The definition of the word chance is commonly defined by society (T1 – Synecdoche) as “the possibility of something happening”. We measure chance by creating a determination of the likelihood that an occurrence will happen, as expressed typically by putting numbers together into a fraction.
Probability and chance is apart in our everyday lives. Every day we are making decisions and judgment based on the outcomes of chance and probability. Chance is derived from chance games played in the classical era. In the sixteenth and seventeenth century, people needed help with their gambling skills, and advanced in chance.
Football teams begin the game by putting their fate into the hands of a chance; a coin is used to represent it (SP1). One team decides to place their bet on one side; the other, the corresponding side (SP2) (for the sake of this essay the two sides will be referred to as heads and tails) (S1 – Parenthesis). Now supposing that there are no other variables acting on the coin besides the toss, such as the coin being weighted on one side, the chances of that coin landing on either side are exactly 50/50, or when expressed in terms of just one side the chances are 1/2. The side of the coin that is facing up after the toss represents the winning party, and both parties have had their fates decided. But, let’s say now that the coin that was flipped lands facing heads up. And when flipped again, lands heads up. And again, and again, and again (S2 – Anaphora). While this is happening the chance of the coin landing heads up each time decreases little by little, starting at 1/2, then going to 1/4, then 1/8, and will continue to halve no matter how many times the coin is flipped. Now suppose the coin is flipped an infinite amount of times. Is it possible the coin will forever continue to land on heads, or will it eventually succumb to infinity and land on tails?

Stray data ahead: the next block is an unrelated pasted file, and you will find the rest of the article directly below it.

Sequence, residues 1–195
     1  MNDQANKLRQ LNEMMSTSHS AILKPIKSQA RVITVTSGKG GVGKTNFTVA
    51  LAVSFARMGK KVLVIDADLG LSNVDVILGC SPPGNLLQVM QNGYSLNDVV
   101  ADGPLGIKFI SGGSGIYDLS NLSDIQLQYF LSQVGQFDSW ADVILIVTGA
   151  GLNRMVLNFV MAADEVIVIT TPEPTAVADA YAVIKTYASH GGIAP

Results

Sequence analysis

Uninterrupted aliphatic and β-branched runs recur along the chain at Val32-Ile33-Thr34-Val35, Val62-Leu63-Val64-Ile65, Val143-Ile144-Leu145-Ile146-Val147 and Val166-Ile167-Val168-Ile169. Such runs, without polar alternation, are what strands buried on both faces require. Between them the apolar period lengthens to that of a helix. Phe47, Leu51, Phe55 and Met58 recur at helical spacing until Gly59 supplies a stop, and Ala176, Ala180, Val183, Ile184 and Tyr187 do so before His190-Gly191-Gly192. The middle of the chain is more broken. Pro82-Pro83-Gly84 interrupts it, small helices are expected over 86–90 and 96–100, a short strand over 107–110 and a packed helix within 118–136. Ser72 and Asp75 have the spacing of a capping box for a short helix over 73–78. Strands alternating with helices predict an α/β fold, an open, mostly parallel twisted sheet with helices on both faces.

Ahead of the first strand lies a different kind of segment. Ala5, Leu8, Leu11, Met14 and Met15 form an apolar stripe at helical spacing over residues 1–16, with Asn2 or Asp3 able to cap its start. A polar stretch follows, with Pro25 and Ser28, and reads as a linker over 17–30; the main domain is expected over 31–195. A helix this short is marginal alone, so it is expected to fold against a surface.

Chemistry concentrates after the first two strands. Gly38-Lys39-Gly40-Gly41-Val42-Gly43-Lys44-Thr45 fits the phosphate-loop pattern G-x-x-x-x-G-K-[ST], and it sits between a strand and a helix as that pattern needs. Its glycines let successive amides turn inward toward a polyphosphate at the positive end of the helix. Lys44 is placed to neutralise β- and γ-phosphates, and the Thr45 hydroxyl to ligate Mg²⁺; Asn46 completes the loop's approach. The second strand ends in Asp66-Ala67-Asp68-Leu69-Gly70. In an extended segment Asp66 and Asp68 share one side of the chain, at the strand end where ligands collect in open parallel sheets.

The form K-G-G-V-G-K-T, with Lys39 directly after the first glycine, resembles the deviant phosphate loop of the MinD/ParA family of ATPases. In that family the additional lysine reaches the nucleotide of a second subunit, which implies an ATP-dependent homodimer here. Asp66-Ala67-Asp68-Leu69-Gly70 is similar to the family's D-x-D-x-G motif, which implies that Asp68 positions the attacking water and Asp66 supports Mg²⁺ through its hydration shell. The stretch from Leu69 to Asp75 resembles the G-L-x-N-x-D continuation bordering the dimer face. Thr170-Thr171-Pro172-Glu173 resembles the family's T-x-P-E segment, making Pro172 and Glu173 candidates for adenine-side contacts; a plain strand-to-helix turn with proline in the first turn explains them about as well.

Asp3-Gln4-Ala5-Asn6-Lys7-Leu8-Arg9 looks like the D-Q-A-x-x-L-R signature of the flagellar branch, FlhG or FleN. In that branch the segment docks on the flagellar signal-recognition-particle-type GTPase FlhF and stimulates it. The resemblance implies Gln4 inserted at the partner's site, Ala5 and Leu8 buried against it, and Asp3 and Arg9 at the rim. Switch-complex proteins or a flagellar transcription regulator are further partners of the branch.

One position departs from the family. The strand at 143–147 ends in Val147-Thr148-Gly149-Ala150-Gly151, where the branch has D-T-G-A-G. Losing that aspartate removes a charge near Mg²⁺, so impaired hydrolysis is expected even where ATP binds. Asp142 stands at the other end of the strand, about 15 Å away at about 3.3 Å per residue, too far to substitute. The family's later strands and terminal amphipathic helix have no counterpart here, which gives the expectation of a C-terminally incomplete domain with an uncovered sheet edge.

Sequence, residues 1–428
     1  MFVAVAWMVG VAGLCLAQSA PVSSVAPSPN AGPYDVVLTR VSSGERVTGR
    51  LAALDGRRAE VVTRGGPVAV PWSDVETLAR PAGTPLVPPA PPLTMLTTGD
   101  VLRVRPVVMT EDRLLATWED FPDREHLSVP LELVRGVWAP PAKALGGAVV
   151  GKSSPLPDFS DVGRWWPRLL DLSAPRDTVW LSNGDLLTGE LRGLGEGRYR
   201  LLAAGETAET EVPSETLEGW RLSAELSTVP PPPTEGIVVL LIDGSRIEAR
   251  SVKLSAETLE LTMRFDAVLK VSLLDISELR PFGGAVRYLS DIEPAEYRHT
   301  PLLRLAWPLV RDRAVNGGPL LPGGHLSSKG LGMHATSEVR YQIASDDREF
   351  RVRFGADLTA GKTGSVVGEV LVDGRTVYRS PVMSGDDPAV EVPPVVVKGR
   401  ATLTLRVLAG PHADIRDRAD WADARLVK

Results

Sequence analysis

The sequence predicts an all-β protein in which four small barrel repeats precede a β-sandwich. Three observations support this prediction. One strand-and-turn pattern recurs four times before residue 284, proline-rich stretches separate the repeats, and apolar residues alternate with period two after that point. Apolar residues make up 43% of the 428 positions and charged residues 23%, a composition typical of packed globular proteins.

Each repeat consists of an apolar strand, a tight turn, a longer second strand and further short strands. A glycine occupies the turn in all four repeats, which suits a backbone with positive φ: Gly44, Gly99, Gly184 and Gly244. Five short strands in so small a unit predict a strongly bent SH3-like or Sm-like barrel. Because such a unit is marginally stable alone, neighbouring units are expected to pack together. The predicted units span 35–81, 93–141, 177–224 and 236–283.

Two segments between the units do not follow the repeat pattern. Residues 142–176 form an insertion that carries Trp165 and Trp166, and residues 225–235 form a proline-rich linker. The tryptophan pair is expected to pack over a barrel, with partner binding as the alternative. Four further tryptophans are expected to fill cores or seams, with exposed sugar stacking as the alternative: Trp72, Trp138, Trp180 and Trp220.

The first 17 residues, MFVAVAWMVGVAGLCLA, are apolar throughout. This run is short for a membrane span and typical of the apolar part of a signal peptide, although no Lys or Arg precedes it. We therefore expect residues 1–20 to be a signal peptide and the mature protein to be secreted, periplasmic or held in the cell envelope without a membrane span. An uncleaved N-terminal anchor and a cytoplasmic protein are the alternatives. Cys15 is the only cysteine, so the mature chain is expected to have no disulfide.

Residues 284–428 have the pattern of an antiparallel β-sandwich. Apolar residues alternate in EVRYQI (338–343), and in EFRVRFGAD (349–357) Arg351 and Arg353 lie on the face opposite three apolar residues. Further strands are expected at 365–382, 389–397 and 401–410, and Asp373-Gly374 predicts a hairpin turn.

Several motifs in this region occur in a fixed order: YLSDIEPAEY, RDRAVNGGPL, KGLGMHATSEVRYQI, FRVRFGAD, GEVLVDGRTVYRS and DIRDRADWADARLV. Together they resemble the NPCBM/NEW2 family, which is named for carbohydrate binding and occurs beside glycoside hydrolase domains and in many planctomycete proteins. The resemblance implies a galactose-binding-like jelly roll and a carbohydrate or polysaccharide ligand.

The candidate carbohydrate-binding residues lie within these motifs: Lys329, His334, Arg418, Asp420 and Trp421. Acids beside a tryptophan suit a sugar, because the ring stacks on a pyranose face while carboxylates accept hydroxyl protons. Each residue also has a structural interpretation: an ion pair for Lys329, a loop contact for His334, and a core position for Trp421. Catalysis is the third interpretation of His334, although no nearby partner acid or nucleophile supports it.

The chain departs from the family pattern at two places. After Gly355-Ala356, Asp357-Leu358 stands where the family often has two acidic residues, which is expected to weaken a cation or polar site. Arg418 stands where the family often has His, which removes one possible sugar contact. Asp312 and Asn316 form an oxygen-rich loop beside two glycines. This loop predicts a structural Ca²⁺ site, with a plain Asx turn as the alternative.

The St. Petersburg Paradox is a paradox that relates to probability theory and decision theory (Math Fun Facts). It is based on a theoretical lottery game which results in an infinite expected value. To put this into a real world scenario, suppose a casino is trying to figure out what amount to charge potential gamblers for entering a new game they have come up with. The game involves flipping a coin numerous times until the tails side appears, resulting in a “game over”, and the player receives the money in the pot. Now for the money side of things, the pot starts at one dollar, and will double every time heads is flipped. Broken down into simple terms, the game starts with a 1/1 chance the player will receive a single dollar, cut in half to 1/2 when the coin is flipped to receive two dollars, 1/4 chance of four dollars, 1/8 chance of eight dollars, etc (S3 – Ellipsis). Assuming the casino has an unlimited amount of money, and there is no other way to end the game besides the dealer flipping tails, the expected win for the player is infinite. If the expected outcome is infinite, the casino...